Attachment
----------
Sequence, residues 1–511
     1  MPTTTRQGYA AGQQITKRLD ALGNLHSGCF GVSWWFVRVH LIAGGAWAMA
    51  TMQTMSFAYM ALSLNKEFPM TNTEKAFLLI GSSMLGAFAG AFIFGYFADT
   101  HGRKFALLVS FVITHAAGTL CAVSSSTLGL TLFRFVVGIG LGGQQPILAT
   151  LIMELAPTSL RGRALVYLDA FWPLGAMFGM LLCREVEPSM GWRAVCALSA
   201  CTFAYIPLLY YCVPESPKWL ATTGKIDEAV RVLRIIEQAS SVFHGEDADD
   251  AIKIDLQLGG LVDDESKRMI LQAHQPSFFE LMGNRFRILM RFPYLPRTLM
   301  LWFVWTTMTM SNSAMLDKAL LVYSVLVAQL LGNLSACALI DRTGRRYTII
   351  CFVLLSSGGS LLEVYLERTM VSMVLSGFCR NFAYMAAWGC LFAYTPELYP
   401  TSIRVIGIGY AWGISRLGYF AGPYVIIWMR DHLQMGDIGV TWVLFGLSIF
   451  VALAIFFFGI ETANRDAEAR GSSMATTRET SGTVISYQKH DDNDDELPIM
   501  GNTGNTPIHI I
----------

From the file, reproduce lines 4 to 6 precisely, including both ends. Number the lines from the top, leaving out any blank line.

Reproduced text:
   101  HGRKFALLVS FVITHAAGTL CAVSSSTLGL TLFRFVVGIG LGGQQPILAT
   151  LIMELAPTSL RGRALVYLDA FWPLGAMFGM LLCREVEPSM GWRAVCALSA
   201  CTFAYIPLLY YCVPESPKWL ATTGKIDEAV RVLRIIEQAS SVFHGEDADD